Ongoing Commitment to Biodiversity

Enel X’s Ongoing Commitment to Biodiversity

Three beehives find a haven on the roof at company headquarters in Rome

How can biodiversity benefit from sustainable development?

According to the Convention on Biological Diversity, Biodiversity is the term given to the variety of life on Earth and the natural patterns it forms. Biodiversity and sustainable development go hand-in-hand. Indeed, according to the UN, biodiversity is essential for continued human life, while sustainable development is needed to ensure that this life support system is maintained. But why is biodiversity important for sustainability? Simple: biodiversity provides us with many crucial products and services – including food, water, medicines, protection from coastal erosion and mitigation of climate change, with forests absorbing carbon dioxide from the atmosphere. Healthy ecosystems also increase resilience and serve as natural buffers against extreme weather events such as droughts, storms, and other disasters.

How does biodiversity affect sustainability? Without biodiversity we would have no food to eat or clean water to drink, which means reaching key elements of the United Nations’ 17 Sustainable Development Goals (SDGs) would be impossible. Equally important, managing, studying, caring for and teaching about biodiversity also provides jobs – a fundamental source of human sustainability. Biodiversity and sustainability, in other words, form a virtuous circle that enables fulfilling our needs in an environmentally responsible manner, ensuring there are abundant resources for present – and future – generations.

Examples of preserving biodiversity

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The pillars of our commitment to excellence: Health, Safety, Environment and Quality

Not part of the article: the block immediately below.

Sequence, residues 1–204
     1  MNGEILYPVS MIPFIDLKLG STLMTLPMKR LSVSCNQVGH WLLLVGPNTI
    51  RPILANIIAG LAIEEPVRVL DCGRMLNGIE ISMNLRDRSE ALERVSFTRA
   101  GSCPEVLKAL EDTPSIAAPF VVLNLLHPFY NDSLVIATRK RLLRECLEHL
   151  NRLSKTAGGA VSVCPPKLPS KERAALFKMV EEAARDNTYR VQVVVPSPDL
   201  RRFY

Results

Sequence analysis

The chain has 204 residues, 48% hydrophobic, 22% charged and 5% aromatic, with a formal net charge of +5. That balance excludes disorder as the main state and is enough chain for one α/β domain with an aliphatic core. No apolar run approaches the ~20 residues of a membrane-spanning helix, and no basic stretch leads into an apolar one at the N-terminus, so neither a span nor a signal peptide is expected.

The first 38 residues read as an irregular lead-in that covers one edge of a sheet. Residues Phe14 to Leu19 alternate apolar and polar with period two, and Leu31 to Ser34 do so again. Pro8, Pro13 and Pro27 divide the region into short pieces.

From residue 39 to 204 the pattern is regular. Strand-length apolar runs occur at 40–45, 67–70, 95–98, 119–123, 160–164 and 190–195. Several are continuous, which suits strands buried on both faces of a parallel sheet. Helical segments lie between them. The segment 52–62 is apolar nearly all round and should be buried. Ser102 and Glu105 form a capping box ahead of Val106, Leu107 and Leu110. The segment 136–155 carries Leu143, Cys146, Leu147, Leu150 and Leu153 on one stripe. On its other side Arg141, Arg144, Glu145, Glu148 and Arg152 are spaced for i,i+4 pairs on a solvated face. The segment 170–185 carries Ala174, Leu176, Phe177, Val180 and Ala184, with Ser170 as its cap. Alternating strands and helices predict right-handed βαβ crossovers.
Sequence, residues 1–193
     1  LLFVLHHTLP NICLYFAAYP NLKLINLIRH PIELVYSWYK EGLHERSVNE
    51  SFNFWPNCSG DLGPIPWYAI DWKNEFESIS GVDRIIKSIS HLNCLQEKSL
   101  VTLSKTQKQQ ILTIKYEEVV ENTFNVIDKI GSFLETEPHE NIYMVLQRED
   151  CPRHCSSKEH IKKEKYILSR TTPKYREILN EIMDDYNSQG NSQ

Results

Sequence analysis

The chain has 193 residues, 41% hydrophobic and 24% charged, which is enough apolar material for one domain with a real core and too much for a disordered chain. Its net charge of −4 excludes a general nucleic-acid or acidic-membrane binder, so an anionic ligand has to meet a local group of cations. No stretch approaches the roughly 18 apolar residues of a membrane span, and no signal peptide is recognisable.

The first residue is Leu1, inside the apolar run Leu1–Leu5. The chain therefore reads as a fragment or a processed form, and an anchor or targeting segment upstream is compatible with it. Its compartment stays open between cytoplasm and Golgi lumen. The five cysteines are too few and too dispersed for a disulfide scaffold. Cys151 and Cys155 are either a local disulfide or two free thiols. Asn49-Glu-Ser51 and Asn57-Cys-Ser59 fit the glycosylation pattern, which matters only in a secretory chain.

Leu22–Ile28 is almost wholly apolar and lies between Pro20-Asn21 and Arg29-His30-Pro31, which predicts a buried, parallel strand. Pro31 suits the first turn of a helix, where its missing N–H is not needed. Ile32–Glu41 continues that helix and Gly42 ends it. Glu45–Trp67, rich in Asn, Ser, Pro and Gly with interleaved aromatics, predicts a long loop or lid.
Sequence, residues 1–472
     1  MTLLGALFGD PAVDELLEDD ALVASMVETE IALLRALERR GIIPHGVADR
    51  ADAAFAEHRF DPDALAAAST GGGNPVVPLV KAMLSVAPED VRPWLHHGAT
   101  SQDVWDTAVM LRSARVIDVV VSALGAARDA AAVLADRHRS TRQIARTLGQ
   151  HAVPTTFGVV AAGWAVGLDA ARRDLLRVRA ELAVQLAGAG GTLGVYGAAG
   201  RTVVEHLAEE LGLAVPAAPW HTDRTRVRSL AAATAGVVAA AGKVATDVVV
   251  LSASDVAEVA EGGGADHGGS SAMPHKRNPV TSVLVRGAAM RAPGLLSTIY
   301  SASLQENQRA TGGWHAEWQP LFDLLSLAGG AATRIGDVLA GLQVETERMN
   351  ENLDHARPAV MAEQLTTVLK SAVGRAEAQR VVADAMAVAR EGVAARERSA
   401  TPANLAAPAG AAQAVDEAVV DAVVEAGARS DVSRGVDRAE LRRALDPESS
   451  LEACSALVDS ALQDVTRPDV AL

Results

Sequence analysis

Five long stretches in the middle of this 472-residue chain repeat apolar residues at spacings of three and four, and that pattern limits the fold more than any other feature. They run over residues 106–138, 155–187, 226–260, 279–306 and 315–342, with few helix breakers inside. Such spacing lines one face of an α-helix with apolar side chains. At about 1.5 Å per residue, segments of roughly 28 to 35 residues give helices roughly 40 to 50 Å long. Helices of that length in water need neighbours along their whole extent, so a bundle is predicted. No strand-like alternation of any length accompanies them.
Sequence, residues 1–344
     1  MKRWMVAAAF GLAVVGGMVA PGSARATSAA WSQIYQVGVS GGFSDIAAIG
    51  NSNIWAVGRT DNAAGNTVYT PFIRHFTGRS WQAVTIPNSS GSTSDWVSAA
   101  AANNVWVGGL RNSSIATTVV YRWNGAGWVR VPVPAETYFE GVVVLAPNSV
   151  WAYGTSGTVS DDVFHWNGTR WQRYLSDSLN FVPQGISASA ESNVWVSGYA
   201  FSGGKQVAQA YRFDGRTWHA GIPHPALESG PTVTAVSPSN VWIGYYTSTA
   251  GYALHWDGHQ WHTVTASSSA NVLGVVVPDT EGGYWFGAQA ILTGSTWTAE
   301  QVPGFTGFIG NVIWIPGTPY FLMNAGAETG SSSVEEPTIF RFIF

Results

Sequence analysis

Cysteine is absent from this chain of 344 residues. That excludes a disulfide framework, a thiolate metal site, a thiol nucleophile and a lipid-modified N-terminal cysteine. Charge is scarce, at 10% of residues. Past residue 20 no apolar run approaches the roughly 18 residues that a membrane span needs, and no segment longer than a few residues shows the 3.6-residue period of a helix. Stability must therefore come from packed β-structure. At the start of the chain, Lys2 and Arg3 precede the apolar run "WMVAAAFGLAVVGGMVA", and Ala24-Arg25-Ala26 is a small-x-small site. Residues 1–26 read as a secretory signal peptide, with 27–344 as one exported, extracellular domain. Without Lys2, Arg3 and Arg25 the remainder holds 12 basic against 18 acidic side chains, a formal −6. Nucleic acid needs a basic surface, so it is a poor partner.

The Collepardo Caves in central Italy, with their spectacular stalactite and stalagmite formations, have long been an attraction for scientists and tourists alike.


The caves are also home to a large bat population that supports the ecosystem in the surrounding natural park. The local authorities decided to install a new lighting system featuring 198 LED light points with differentiated brightness for a specific function, adjusting to the tour path and the amount of natural light entering the cave. Hence, this solution safeguards the cave’s extremely fragile ecosystem, coupled with a 95% reduction in energy consumption.

Also in central Italy, a large building on the outskirts of Rome hosts three beehives with a total population of 180 thousand bees cultivated by Apicultura.it. Cities and companies around the world now host “urban beekeeping” areas that are safe havens for bees, far from the chemical pollution associated with industrial agriculture. Moreover, cities provide a particularly diverse range of nectar sources effectively supporting pollinator species.


Santiago, Chile offers two examples of how to protect biodiversity in an urban setting:

  • Parque Eduardo Frei Montalva, which has become Latin America's first Smart Plaza. Located at the crossroads between the municipalities of La Florida, Peñalolén, and Macul, this a 23,000-square-meter urban space where nature and park areas are dotted with cycling paths, children’s games, and exercise machines. The area offers a public 5G service, video surveillance and analysis cameras, sensors for air and noise pollution, as well as charging stations for EVs.
  • Santiago’s Mandarin Oriental Hotel boasts a living roof employing a mix of technology and urban biodiversity. The 21.6 kWp solar PV system meets the hotel's power needs, and two beehives, a greenhouse, eight fruit trees and a vegetable garden demonstrate how no space is too small to protect biodiversity.

In Lima, Peru, the Cajas nido del Bicentenario project creates breeding sites for bird species that can thrive in the urban environment. This project calls for 37 birdhouses, located in 11 of Lima’s urban conservation areas, helping local institutions bolster the city’s biodiversity levels.


Smart lighting systems in Brazil are engineered to lower the impact on sea life and the habitat of nocturnal species. Carbon emissions detection kits are distributed in Spain, and training and awareness courses are dedicated to such topics as urban biodiversity, emissions, and climate change.